Rahul calls for inclusive growth

Written by feBureau | New Delhi | Updated: Apr 5 2013, 06:30am hrs
Address at CII meet invokes broad vision for 21st century India, but fails to dwell on current economic issues

Congress vice-president Rahul Gandhi, perceived to be a contender for the prime ministerial post in 2014, exhorted corporate chiefs on Thursday to realise the virtues of inclusive growth and asked them to use the country's complexities to their advantage.

In a speech that was marked by his striving to offer a broad vision for the 21st century India and its emotive content, but which hardly dwelt on the current economic issues in any detail, Gandhi said: Millions of Indians are brimming with energy. We are now sitting on an unprecedented tide of transformation. This tremendous movement of people and ideas are going to define this country in the 21st century." Addressing a Confederation of Indian Industry (CII) gathering of corporate heads here, he called for decentralisation of power and empowered grama pradhans and urged India Inc to tap into the potential of one-billion-plus people and participate in building country's infrastructure.

We need better physical structure for Indias growth. The government can't do it alone. We need inclusive growth, he said. Our environment is not simple. All of you are masters of complexity. Clogged political system is holding India back, but all this complexity is good training. If you can do it here, you can do it on the moon, Gandhi added.

In a veiled attack on Gujarat chief minister Narendra Modi, who is seen as the contender for the PM's post from BJP, Gandhi said, If you play the politics of community, you stop the movement of people and ideas. India has grown faster under UPA because we have lowered tensions between communities.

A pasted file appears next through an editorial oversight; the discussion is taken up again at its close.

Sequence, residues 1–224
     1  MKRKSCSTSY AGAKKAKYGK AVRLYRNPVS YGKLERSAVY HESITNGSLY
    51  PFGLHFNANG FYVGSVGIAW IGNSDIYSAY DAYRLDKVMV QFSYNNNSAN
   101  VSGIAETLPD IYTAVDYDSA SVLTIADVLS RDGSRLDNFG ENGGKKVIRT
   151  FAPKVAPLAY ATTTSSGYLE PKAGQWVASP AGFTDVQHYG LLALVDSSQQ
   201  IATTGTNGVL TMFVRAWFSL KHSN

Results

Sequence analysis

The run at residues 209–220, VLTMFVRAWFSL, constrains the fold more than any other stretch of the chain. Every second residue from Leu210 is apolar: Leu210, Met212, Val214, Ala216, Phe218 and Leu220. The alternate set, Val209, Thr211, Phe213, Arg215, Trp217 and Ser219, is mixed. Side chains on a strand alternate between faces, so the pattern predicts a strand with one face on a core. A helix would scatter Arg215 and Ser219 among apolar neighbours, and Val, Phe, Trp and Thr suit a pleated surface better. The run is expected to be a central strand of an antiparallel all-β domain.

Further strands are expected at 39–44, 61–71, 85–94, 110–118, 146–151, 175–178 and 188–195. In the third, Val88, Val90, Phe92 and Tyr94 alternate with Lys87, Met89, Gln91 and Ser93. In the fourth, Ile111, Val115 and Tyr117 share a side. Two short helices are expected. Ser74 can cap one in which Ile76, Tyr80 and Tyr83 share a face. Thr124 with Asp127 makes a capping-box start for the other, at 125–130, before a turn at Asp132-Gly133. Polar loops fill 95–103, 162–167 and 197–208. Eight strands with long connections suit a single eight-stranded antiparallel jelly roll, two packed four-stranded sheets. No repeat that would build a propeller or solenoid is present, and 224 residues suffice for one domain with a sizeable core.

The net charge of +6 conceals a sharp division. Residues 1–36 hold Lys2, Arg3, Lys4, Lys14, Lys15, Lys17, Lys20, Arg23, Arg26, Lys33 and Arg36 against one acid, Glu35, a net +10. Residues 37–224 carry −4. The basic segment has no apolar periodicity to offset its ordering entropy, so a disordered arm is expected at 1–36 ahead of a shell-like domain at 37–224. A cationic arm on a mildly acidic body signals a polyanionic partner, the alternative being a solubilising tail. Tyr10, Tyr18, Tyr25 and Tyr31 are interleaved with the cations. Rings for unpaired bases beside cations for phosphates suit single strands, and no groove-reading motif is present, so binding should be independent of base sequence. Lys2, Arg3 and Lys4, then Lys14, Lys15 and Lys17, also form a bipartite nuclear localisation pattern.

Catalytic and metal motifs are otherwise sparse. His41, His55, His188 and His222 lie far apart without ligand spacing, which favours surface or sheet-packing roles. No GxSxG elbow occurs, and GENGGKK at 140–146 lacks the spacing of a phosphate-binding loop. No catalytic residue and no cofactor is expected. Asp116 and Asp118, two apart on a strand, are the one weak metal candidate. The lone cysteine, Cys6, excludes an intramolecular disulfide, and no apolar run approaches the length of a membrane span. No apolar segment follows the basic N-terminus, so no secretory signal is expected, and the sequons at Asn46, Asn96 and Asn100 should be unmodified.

Modi will address the ladies wing of another industry lobby, Federation of Indian Chambers of Commerce and Industry (Ficci), on April 8 here. The biggest danger is excluding people, including the poor, minorities and dalits... Anger, hatred and prejudice do not help growth. If you alienate communities, we all suffer, he said. Highlighting the need for decentralising power and empowering gram pradhans, he told corporate leaders: If you expect Manmohan Singhji to solve everything alone, you can keep expecting. A large number of problems can be fixed by people at lower levels. we have to move away from the idea of the guy on the horse who is going to come charging through and India is going to be fixed.

Comparing India's development model with China's, Gandhi said India is a beehive and we should understand our power, China is a dragon, people call us an elephant but we aren't, we are a beehive. We have to understand where our power comes from. His speech was full of anecdotes, but failed to address issues such as high inflation, corruption and increasing current account deficit. In his hour-long address, during which he also lauded the work of Nandan Nilekani and Sam Pitroda, Gandhi told the gathering that he will meet them more often.

Opposition BJP and some commentators called Gandhi's address less than inspiring and confused. Many had expected him to use the platform to outline his economic vision for a country, which is facing a growth slowdown and a prolonged investment torpor. India's current account deficit touched a record 6.7% of the GDP in the December quarter, owing to high and coal imports and a near flat growth in exports.

Rahul's speech reflected that he lives in his own world. There was no mention of corruption or inflation. It was clear that there was Modiphobia." said Prakash Javadekar, BJP spokesperson "I think he was very honest and made the points straight from his heart," said Rakesh Bharti Mittal, vice-chairman and managing director of Bharti Enterprises, one of India's biggest business groups, who was in the audience.

BJP MP Yashwant Sinha said he was perplexed by what Gandhi had said but maintained he had been relevant in some parts Who was he criticising Certainly not us as we have not been in power for the last several years. Was he targeting his family or his party Sinha asked